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Carter 'Racism' Claim Draws Widespread Criticism
President Obama's supporters have attributed racist motives to opponents of his health care plan for weeks, but former President Jimmy Carter is the highest-profile person to push that claim.
Wednesday, September 16, 2009

Former President Jimmy Carter drew widespread criticism Wednesday for saying that Rep. Joe Wilson's "You lie!" outburst last week was "based on racism" and that an "overwhelming portion" of similar demonstrations against President Obama are rooted in bigotry.

Obama's supporters have attributed racist motives to some opponents of his health care plan for weeks, but Carter is the highest-profile person so far to push that claim.

While some anti-Obama demonstrators have been seen carrying over-the-top or racially offensive signs, administration critics say Carter is flat wrong to claim that those fringe protesters make up the bulk of Obama's detractors.

"I don't see race as an issue. It's all about the policies that are coming out of the current administration," said Deneen Borelli, a black conservative who spoke at the protest rally held in Washington Saturday. Much of the condemnation of Obama's critics has come as a response to that protest, where tens of thousands demonstrated against big government and over-spending.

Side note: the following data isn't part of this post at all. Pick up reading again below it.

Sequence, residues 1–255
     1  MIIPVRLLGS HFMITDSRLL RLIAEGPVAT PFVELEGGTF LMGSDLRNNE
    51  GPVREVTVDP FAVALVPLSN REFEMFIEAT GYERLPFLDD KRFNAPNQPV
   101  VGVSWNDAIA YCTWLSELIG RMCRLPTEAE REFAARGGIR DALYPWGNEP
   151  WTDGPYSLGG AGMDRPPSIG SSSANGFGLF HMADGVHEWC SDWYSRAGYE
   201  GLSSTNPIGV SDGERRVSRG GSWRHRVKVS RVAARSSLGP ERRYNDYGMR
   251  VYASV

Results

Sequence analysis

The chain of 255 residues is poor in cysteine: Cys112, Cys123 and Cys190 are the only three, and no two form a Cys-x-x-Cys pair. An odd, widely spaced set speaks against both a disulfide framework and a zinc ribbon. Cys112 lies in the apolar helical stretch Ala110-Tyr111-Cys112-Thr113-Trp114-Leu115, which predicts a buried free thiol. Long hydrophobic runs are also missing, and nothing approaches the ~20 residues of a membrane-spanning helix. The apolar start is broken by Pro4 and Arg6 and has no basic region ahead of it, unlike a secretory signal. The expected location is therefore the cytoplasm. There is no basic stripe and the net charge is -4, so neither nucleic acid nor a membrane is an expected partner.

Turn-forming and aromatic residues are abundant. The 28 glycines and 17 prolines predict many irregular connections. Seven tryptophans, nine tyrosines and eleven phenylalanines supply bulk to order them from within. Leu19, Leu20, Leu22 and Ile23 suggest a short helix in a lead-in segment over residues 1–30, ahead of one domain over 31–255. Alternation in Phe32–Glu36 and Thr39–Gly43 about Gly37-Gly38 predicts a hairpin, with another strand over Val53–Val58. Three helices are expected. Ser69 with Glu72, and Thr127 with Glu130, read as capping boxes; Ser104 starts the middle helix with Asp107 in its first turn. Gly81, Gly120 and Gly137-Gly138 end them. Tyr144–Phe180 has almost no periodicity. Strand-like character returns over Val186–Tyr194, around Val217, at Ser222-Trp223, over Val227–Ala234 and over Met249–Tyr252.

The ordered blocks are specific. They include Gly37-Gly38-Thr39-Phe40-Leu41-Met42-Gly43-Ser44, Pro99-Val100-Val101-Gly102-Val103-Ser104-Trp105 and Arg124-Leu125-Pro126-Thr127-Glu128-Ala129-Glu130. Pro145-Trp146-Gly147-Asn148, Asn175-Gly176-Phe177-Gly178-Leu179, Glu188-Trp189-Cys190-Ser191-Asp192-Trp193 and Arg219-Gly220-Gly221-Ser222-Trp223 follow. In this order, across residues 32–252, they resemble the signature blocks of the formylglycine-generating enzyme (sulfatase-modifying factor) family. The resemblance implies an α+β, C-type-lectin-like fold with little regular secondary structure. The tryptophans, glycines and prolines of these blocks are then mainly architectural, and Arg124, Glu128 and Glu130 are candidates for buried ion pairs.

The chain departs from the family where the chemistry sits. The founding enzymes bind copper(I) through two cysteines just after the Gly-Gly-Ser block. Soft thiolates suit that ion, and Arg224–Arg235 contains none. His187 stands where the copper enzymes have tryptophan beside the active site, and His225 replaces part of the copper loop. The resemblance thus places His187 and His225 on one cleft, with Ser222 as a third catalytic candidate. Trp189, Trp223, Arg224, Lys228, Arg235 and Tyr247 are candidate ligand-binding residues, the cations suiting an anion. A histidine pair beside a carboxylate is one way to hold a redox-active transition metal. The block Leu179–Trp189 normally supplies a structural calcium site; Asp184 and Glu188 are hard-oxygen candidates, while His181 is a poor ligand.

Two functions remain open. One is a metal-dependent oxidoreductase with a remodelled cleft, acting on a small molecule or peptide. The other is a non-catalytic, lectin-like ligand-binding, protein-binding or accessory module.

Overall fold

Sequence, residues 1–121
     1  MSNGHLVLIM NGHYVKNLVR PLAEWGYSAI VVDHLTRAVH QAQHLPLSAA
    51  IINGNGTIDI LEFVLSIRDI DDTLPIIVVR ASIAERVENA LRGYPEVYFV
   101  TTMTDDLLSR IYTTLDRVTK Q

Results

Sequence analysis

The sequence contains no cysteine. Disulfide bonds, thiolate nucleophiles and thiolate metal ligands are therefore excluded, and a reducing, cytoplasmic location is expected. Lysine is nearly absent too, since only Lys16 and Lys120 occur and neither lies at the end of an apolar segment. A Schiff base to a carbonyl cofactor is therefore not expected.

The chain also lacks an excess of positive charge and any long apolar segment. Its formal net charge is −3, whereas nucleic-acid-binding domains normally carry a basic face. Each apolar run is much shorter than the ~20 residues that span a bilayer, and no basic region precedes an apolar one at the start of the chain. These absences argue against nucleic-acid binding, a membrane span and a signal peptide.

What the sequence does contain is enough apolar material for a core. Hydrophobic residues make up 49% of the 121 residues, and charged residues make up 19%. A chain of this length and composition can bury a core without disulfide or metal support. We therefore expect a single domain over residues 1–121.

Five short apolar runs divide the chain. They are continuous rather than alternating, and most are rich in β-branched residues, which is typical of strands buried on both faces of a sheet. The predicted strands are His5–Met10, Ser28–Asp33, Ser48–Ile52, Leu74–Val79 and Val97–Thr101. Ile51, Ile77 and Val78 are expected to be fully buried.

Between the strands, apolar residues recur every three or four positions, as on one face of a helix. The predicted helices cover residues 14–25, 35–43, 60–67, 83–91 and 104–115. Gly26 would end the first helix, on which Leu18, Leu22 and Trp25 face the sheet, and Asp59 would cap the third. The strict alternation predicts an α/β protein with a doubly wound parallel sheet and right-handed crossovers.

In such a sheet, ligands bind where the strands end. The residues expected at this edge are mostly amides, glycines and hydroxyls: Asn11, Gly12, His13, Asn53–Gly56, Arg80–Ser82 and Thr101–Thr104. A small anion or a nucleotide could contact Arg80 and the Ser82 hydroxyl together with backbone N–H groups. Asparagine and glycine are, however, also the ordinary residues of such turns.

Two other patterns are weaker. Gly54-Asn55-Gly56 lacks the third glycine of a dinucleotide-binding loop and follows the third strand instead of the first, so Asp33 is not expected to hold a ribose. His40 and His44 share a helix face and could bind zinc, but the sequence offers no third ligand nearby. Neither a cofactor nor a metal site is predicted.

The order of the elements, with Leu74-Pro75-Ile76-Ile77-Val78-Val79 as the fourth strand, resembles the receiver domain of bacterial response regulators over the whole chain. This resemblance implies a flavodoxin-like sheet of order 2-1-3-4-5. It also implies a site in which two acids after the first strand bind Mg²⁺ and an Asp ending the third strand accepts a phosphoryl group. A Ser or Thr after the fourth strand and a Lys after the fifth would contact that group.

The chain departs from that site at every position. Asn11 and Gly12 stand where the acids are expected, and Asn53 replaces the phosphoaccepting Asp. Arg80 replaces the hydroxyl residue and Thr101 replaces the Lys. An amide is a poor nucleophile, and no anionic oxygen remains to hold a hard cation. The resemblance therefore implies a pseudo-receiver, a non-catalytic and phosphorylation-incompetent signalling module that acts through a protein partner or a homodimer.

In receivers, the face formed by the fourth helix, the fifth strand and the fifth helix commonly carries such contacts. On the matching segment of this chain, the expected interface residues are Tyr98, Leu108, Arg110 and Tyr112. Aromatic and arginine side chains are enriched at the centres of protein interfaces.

"I just see this as the race card being used once again to distract the American people from the core issues," Borelli said.

The White House, too, distanced itself from Carter's comments.

"The president does not believe that that criticism comes based on the color of his skin," White House Press Secretary Robert Gibbs said.

But, Carter againWednesday repeated what he said a day before.

"I think people are guilty of that kind of personal attack against Obama, have been influenced to a major degree by a belief that he should not be president because he happened to be African American," Carter said during a town hall meeting in Atlanta.

Adam Brandon, spokesman for protest organizer FreedomWorks, said Carter's comments were "absurd." He noted that last Saturday's protest featured about a dozen black speakers.

"To say this crowd was racist is absolutely absurd when black speakers were probably the most popular speakers," he said.

"I think it's very destructive for America to suggest that we can't criticize a president without it being a racial act," former House Speaker Newt Gingrich told FOX News.

The suggestion that race is behind criticism of Obama has been made by New York Gov. David Paterson and Reps. Charlie Rangel of New York, Diane Watson of California and Hank Johnson of Georgia, among others.